It can be argued that, when circulating fatty acids are used as a marker of dietary intake, the most important criterion for evaluating different methods of expressing circulating fatty acids is the strength of the relationship with their levels of dietary intake. This favours the expression of circulating fatty acids as a proportion of total fatty acids rather than as absolute concentrations, particularly for PUFA. However, our observations, combined with the findings of Sergeant et al.( Reference Sergeant, Ruczinski and Ivester 1 ) and others( Reference Bradbury, Skeaff and Green 2 , Reference Jerneren, Elshorbagy and Oulhaj 7 ), indicate that the optimal method of expressing fatty acid status depends on the biological assumptions and the biological question at hand.

Acknowledgements

A. J. W., M. A., M. J. V. G., A. E., P. L. Z., J. M. D. and I. A. B. contributed to the writing of the letter; A. J. W. and M. A. coordinated the process.

Funding: all authors contributed independently to this work.

Conflict of interest: A. J. W., M. A., P. L. Z. are employed by Unilever; Unilever markets food products made of vegetable oils, including margarines and dressings. No other authors declared a conflict of interest.

References

1. Sergeant, S, Ruczinski, I, Ivester, P, et al. (2016) Impact of methods used to express levels of circulating fatty acids on the degree and direction of associations with blood lipids in humans. Br J Nutr 115, 251261.
2. Bradbury, KE, Skeaff, CM, Green, TJ, et al. (2010) The serum fatty acids myristic acid and linoleic acid are better predictors of serum cholesterol concentrations when measured as molecular percentages rather than as absolute concentrations. Am J Clin Nutr 91, 398405.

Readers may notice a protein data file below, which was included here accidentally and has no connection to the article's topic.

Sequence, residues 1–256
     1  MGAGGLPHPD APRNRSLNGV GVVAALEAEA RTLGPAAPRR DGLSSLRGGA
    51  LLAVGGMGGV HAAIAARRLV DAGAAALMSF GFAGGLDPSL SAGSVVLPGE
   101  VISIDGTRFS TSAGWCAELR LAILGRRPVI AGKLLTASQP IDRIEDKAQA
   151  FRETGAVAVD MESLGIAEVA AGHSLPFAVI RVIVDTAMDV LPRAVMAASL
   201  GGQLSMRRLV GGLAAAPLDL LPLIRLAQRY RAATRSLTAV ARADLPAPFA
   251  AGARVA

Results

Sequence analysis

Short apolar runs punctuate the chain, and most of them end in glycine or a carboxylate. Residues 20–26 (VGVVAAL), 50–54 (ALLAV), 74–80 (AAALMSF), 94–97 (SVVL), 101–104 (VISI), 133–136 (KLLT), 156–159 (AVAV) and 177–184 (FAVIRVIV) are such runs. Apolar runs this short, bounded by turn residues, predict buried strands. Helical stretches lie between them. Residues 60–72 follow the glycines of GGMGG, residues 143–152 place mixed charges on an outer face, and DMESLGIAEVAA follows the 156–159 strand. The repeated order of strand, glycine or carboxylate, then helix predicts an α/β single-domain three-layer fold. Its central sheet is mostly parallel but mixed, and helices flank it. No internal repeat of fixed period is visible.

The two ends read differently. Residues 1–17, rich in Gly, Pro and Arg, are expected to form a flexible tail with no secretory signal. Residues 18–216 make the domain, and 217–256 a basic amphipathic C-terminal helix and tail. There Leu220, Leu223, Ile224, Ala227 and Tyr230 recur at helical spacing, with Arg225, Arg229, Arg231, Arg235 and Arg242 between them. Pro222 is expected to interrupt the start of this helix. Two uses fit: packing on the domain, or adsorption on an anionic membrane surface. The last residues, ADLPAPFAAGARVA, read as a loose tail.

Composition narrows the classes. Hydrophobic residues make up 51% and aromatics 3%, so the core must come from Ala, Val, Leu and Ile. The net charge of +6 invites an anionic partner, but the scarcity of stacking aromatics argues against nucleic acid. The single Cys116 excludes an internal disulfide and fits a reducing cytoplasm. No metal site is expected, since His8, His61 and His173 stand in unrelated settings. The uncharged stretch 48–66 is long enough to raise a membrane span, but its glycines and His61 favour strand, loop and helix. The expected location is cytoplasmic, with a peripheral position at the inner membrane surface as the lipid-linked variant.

3. Hodson, L, Skeaff, CM & Fielding, BA (2008) Fatty acid composition of adipose tissue and blood in humans and its use as a biomarker of dietary intake. Prog Lipid Res 47, 348380.
4. Reinders, I, van Ballegooijen, AJ, Visser, M, et al. (2013) Associations of serum n-3 and n-6 polyunsaturated fatty acids with echocardiographic measures among older adults: the Hoorn study. Eur J Clin Nutr 67, 12771283.
5. Van Woudenbergh, GJ, Kuijsten, A, Van der Kallen, CJ, et al. (2012) Comparison of fatty acid proportions in serum cholesteryl esters among people with different glucose tolerance status: the CoDAM study. Nutr Metab Cardiovasc Dis 22, 133140.
6. Mensink, RP, Zock, PL, Kester, AD, et al. (2003) Effects of dietary fatty acids and carbohydrates on the ratio of serum total to HDL cholesterol and on serum lipids and apolipoproteins: a meta-analysis of 60 controlled trials. Am J Clin Nutr 77, 11461155.
7. Jerneren, F, Elshorbagy, AK, Oulhaj, A, et al. (2015) Brain atrophy in cognitively impaired elderly: the importance of long-chain omega-3 fatty acids and B vitamin status in a randomized controlled trial. Am J Clin Nutr 102, 215221.